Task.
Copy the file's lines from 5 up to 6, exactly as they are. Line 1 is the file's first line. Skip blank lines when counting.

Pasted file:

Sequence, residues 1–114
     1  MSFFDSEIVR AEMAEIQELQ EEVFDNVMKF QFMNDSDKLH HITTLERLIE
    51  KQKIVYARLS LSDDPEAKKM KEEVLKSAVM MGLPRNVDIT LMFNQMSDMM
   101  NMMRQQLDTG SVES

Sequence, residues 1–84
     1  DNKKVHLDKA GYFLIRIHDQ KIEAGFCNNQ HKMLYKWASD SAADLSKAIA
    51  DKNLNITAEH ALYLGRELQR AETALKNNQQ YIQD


Sequence, residues 1–84
     1  DNKKVHLDKA GYFLIRIHDQ KIEAGFCNNQ HKMLYKWASD SAADLSKAIA